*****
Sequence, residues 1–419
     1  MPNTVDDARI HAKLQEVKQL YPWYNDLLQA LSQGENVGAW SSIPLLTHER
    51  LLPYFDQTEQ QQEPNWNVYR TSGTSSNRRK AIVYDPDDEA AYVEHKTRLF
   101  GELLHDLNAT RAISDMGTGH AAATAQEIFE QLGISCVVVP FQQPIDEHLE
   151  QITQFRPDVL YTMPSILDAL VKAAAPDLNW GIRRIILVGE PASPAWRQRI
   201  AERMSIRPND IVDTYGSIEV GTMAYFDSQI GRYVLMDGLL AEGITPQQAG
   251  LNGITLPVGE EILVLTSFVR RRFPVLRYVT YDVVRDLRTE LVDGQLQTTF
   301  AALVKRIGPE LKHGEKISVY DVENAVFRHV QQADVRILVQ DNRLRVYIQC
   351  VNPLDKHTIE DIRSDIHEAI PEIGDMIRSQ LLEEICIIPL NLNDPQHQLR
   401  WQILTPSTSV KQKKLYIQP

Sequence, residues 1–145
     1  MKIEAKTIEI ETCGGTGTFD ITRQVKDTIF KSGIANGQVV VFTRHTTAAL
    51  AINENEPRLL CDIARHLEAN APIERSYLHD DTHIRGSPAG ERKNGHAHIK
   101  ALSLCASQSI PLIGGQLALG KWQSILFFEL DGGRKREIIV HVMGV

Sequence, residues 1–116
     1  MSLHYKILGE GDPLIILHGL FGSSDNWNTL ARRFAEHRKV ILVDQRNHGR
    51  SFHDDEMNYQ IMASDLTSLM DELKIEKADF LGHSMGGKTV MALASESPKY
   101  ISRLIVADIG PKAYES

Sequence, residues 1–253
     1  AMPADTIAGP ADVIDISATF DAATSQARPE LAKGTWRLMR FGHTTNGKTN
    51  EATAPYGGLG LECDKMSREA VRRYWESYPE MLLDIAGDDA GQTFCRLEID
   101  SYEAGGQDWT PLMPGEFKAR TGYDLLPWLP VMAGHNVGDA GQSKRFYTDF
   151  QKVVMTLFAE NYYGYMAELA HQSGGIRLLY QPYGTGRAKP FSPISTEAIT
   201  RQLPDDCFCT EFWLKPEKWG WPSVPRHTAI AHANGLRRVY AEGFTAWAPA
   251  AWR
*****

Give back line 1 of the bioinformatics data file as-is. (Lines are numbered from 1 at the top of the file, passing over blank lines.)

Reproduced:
Sequence, residues 1–419